AA1-coverAmazing Acts—Overview

The 28 chapters of the Acts of the Apostles are covered in three books, Amazing Acts—act one, Amazing Acts—act two, and Amazing Acts—act three.This Overview shows how the three parts relate to each other in dividing up the Acts of the Apostle Amazing Acts—act one (Acts 1:1–9:31) covers the birth, growth, witness and cruel persecution of the church up to the conversion and early evangelistic ministry of Saul, later to be known as Paul.

  • Jesus’ commission to the church to witness to Him in Jerusalem, and in all Judea and Samaria, and to the end of the earth (Acts 1:8).
  • The birth, growth, witness, and persecution of the church in Jerusalem (Acts 1:1 to Acts 8:3).
  • The spread of the gospel into Judea and Samaria by Christians fleeing persecution (Acts 8:4).
  • Concentration of gospel preaching in Samaria by Philip, Peter and John (Acts 8:4–25).
  • Concentration of gospel preaching in Judea by Philip (Acts 8:26–40).
  • Moving on from Jerusalem, Judea and Samaria: the conversion and nurturing of Saul, the arch-persecutor of the church, near Damascus in Syria (Acts 9:1–19); Saul immediately preaches the gospel in Damascus with the believers there (Acts 9:20–22); After a Jewish death-threat Saul flees to Jerusalem via Caesarea (Judea), from where he escapes another death-threat by going north to his home town of Tarsus in Cilicia (Acts 9:23–30).
  • A period of freedom from persecution and further growth for the church, after Saul’s departure (Acts 9:31).

Amazing Acts—act two (Acts 9:32–18:23) covers Peter’s gospel preaching in Judea, the wider spread of the gospel, persecution through Herod, Paul’s first two missionary trips which take the gospel wider still toward the end of the earth; between those missionary trips Saul attends the meeting of the apostle’s Council:

  • Peter’s evangelistic ministry in Judea at Lydda, in the plain of Sharon, and at Joppa (Acts 9:32–43).
  • Peter’s witness in Caesarea (Judea) to the Gentile, Cornelius; the falling of the Holy Spirit on the believing Gentiles; after Peter’s debriefing is discussed, the rejoicing of the apostles and believers that Gentiles are converted (Acts 10:1–11:18).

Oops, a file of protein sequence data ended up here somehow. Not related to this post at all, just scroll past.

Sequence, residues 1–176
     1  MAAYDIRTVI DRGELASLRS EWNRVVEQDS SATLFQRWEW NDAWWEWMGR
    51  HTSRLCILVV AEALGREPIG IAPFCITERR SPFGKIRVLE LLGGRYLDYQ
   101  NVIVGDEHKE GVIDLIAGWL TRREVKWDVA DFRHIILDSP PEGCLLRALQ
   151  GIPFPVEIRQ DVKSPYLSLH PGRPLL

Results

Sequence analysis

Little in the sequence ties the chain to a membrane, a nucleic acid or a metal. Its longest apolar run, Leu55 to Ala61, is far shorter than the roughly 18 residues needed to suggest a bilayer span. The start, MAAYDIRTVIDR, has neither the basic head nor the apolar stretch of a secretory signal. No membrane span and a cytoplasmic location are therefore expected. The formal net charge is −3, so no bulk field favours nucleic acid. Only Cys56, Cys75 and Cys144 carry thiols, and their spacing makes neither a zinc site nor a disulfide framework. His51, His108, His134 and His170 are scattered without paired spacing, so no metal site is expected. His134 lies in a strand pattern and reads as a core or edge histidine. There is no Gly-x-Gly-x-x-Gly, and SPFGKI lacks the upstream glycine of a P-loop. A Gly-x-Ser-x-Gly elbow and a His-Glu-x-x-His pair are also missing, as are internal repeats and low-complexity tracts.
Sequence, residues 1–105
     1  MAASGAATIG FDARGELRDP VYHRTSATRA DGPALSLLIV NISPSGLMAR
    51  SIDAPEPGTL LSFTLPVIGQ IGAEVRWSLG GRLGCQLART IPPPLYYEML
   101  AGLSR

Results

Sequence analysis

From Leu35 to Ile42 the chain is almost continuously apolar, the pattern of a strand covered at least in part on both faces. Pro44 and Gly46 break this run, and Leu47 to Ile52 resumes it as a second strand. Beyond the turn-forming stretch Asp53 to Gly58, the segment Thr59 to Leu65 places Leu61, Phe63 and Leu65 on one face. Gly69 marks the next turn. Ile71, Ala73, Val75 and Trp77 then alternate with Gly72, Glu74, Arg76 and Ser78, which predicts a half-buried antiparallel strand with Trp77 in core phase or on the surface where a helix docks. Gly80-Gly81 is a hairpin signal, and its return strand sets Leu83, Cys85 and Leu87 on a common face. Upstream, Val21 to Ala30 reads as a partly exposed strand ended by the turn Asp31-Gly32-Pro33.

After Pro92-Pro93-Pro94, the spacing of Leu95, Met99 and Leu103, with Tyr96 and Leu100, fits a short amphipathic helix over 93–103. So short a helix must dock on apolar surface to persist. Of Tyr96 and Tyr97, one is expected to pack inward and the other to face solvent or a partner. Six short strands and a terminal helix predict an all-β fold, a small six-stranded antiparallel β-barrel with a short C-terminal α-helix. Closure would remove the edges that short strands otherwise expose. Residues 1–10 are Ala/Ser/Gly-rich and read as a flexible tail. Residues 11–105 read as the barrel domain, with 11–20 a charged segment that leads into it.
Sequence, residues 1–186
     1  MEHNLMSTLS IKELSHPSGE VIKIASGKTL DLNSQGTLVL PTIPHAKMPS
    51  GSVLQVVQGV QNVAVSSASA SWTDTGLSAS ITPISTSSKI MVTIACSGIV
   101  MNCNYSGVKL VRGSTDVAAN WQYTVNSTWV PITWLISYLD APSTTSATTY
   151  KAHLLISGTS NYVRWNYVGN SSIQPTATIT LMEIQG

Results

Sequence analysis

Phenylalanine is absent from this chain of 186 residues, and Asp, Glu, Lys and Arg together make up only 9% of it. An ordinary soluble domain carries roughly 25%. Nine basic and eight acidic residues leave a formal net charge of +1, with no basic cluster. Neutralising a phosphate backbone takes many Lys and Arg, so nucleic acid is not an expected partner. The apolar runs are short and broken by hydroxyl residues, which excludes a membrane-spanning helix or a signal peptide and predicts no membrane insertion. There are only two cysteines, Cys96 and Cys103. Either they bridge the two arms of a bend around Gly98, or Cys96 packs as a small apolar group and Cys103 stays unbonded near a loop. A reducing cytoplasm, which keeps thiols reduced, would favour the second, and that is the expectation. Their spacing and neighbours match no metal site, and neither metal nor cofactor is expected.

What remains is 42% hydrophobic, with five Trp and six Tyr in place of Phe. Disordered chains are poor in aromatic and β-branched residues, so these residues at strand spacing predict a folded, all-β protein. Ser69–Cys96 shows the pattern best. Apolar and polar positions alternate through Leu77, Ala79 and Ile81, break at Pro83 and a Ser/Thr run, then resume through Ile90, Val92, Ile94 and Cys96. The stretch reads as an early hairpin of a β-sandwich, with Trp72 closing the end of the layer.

• The spread of the gospel further to Phoenicia, Cyprus, and Antioch; Barnabas brings Saul from Tarsus to Antioch; famine relief arranged for Judean Christians through Barnabas and Saul (Acts 11:19–30).
  • Herod Agrippa’s persecution of the church and martyrdom of some leaders; Peter in and out of prison; Growth of God’s word; return of Barnabas and Saul from Jerusalem (Acts 12:1–25).
  • Paul’s first missionary trip (Acts 13:1–14:28).
  • The Council of apostles and elders at Jerusalem about salvation by faith alone (Acts 15:1–35).
  • Paul’s second missionary trip (Acts 15:36–18:23).

Amazing Acts—act three (Acts 18:24–28:31) covers the last of Paul’s three missionary ventures, Paul in Jerusalem again, his hearings before various authorities leading to his going to Rome to appeal his case to Caesar, his arrival there and freedom to share God’s word for two years:

  • Paul’s third missionary trip (Acts 18:24–21:16).
  • Paul in Jerusalem with the apostles and elders; his arrest in the temple; facing, speaking and testifying to a mob from which he is rescued by the soldiers (Acts 21:17–22:29).
  • Paul’s appearances before the Council (Sanhedrin) in Jerusalem and Felix in Caesarea, and Festus through whom he appeals to Caesar; further appearance before King Agrippa and his testimony to the king (Acts 22:30–26:32).
  • Paul’s very eventful journey to Rome via a shipwreck on Malta; his ministry there to Jewish leaders, and his relative freedom to preach about Jesus Christ for two years ‘no-one forbidding him’ (Acts 27:1–28:31).